Password protection simplified: Avoid a security breach
Recent security breaches have exposed data and records of millions of users. Businesses, for obvious reasons, have been on the receiving end. In most cases, it’s related to lack of adequate cybersecurity measures. There is no denying of the fact that compliance is, in fact, a big reason to understand and spend on cybersecurity, but the relevance of the subject and all aspects related to it extend beyond compliance. Businesses have to be address various looming concerns, so as to avoid a security breach, which can have serious consequences.
The case of weak passwords
It doesn’t take long for an experienced hacker to hack weak or default passwords. Often, hackers are looking for opportunities, which exist within the security perimeters. To avoid such incidents, it is absolutely critical and wise to spend on cybersecurity and have a trained and well-experienced cyber team at work. Also, password protection measures must be a part of the security plan.
What to do for password protection?
- Consider getting your employees trained. Get cybersecurity experts, who will guide you on training your people, so that they know what it takes to protect and save passwords safely.
- Recommend using passphrases. Passphrases are easier to remember but hard to hack, and you can always add complex characters and uppercase & lowercase letters to enhance security further.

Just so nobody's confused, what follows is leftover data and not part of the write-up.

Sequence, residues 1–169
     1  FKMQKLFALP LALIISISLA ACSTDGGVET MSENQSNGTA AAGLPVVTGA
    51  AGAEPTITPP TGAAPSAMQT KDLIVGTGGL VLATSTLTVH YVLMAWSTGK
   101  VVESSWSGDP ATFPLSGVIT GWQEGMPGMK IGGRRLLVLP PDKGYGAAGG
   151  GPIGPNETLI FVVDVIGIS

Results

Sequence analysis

- Avoid easy passwords. If someone’s password is their name or birth date, it would be easy to guess. For organizational use, no password should contain information about the concerned business.
- Do not recommend reusing passwords. Unfortunately, once a complex password has been set, employees believe that they can reuse and keep on using it time and again for other accounts, and devices, as well. This is one of the worst password management practices. Also, change all default passwords right after product deployment.
- Suggest a password manager. There are two major benefits of password managers. First, these are low risk tools, and there are also paid ones, which are reliable and easy to use. Secondly, it’s a good replacement to a simple notebook, which can get lost, stolen, or may be accessed by someone unknown.
There are a few basic dos and don’ts for password management, and it makes sense for a business to promote the same. If you team members don’t work together towards cybersecurity and password protection, cybercriminals will use this as a good way to steal data or cause a breach.